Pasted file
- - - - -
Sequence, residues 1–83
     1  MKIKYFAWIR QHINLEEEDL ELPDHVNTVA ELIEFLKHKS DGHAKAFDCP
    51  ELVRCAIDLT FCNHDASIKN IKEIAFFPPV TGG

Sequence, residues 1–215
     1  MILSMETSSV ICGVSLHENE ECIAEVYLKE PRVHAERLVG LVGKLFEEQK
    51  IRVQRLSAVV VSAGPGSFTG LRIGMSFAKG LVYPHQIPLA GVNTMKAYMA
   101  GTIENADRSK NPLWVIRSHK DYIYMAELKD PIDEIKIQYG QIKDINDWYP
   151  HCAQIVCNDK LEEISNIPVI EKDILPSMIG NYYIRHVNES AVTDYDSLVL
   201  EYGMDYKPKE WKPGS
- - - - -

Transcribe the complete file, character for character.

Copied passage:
Sequence, residues 1–83
     1  MKIKYFAWIR QHINLEEEDL ELPDHVNTVA ELIEFLKHKS DGHAKAFDCP
    51  ELVRCAIDLT FCNHDASIKN IKEIAFFPPV TGG

Sequence, residues 1–215
     1  MILSMETSSV ICGVSLHENE ECIAEVYLKE PRVHAERLVG LVGKLFEEQK
    51  IRVQRLSAVV VSAGPGSFTG LRIGMSFAKG LVYPHQIPLA GVNTMKAYMA
   101  GTIENADRSK NPLWVIRSHK DYIYMAELKD PIDEIKIQYG QIKDINDWYP
   151  HCAQIVCNDK LEEISNIPVI EKDILPSMIG NYYIRHVNES AVTDYDSLVL
   201  EYGMDYKPKE WKPGS